I’ve been looking for a while now for the perfect piece of furniture to convert into a feeding table. What I’m looking for is a low, wide table with one or two wide drawers. I’d like to be able to fill the drawers with dog food so I can simply open the drawer, scoop the food and be done. I’ll be sure to update this post if and when I find the perfect table.
That’s right, the toilet. Lets be honest – we’ve all caught our dog drinking out of the toilet more than once. (Don’t tell me I’m alone on this.) It’s not just because we forgot to put the water bowl back down after feeding time (although that can be a contributing factor). It’s partly because a toilet is at a comfortable height for most Great Danes. Again, I’m not suggesting this as a long-term solution but this is a great option if you travel with your Great Dane and find yourself in a hotel that welcomes dogs.
I travel a lot for my “day job” and I’m finding more and more hotels that welcome dogs. Surprisingly many of these are high-end hotels and resorts. I find most of them in western United States, like Colorado and California. It’s becoming more common. So if you find yourself traveling to a hotel with your Great Dane don’t bother packing a bulky elevated feeding table, you can use the toilet – just be sure to put the lid down. 🙂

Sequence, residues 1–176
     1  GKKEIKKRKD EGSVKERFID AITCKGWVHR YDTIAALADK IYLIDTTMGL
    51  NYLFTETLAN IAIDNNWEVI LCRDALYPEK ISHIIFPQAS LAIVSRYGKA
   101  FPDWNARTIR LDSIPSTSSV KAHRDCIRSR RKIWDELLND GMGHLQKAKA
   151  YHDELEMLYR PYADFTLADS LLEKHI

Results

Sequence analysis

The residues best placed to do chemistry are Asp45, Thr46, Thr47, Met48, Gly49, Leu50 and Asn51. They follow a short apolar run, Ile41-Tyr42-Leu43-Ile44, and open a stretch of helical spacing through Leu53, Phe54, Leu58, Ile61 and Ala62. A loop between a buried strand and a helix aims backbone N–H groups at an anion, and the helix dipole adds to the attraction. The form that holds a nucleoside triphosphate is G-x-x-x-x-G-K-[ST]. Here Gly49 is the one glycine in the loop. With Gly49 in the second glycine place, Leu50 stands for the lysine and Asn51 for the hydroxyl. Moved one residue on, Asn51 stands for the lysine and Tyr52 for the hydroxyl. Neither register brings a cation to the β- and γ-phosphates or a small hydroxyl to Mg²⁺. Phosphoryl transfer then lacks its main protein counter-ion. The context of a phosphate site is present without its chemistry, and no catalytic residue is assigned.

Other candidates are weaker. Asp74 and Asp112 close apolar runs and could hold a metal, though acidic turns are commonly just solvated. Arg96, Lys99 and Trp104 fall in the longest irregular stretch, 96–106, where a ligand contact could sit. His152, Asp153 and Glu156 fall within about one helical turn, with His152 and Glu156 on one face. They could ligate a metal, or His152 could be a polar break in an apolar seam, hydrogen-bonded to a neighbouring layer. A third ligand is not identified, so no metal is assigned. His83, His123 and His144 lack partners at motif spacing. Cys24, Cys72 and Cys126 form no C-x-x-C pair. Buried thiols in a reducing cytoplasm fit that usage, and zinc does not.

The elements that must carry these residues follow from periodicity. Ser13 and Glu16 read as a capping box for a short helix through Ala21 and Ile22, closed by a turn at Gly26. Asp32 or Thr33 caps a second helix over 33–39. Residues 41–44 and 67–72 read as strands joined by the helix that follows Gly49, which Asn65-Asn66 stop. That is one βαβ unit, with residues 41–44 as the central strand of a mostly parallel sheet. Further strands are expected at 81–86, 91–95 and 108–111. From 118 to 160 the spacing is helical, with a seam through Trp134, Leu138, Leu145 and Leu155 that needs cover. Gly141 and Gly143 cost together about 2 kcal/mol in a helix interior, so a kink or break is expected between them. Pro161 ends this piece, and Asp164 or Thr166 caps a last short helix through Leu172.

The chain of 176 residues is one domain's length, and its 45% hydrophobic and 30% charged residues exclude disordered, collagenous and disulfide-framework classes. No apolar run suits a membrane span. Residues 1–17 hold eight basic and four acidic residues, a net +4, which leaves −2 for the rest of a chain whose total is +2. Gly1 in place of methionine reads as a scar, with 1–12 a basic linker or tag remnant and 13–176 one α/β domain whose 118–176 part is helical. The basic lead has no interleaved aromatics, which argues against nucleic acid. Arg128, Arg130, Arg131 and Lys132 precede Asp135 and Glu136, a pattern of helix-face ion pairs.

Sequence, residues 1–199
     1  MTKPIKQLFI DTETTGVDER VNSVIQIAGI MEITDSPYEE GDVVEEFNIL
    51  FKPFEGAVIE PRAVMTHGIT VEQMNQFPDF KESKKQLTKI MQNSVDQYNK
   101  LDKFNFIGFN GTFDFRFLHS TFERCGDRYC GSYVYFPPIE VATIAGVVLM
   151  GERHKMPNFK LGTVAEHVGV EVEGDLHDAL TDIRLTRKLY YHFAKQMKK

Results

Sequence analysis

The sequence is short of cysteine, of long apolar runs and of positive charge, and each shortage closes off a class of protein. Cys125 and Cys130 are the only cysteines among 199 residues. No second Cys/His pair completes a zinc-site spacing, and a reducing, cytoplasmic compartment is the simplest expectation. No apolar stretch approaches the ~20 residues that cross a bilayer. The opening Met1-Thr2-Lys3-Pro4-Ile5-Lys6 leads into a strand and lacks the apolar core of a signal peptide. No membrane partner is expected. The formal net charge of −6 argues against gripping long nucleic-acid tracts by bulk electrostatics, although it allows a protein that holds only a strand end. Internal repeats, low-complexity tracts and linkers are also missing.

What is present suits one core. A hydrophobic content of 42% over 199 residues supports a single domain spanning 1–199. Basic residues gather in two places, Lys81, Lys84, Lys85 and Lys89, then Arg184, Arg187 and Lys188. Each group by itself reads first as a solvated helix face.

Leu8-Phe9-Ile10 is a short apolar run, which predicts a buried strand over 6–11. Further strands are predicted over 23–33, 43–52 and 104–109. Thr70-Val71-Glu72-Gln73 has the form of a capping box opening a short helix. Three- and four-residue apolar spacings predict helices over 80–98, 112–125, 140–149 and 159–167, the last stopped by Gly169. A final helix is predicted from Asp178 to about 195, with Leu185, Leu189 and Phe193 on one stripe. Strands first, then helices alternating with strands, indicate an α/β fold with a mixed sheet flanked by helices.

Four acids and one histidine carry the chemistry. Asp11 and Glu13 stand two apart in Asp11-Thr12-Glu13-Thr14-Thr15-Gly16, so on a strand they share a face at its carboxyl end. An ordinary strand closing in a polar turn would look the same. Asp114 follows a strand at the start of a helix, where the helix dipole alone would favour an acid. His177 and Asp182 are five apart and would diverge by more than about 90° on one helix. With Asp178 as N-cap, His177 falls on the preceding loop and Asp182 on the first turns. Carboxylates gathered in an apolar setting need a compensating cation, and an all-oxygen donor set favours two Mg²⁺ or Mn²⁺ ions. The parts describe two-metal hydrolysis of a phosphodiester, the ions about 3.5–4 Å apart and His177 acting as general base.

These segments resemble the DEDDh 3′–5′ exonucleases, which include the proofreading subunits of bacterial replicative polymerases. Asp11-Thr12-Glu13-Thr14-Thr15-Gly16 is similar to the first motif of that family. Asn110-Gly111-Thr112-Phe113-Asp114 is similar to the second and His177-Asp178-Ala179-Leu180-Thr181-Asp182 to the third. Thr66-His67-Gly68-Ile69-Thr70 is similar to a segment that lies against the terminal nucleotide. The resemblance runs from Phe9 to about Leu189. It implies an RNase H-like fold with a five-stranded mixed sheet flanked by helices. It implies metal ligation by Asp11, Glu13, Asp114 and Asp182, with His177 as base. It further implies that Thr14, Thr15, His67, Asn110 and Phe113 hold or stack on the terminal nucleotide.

Or just Buy One!
Most commercial elevated bowls or tables are simply not tall enough for an adult Great Dane. Most are only 9″ or 10″ tall. Here’s a link to one that’s 15″ tall which still wouldn’t be tall enough for Lucy, but might work for you.
This adjustable feeding bowl is pretty ingenious, it extends up to 19″ tall. It’s not real pretty, but very practical as you could adjust it as your puppy grows to always keep it at the optimal level.
What have you tried?
I’m sure I’m not the only one who’s rigged my own solution for an elevated feeding table without spending $50-$150. What have you seen, or better yet what have you tried? Share with the group what you’ve tried – even if you tried and failed we’d like to hear. We promise not to laugh, not out load anyway.
Remember we’re all in this together.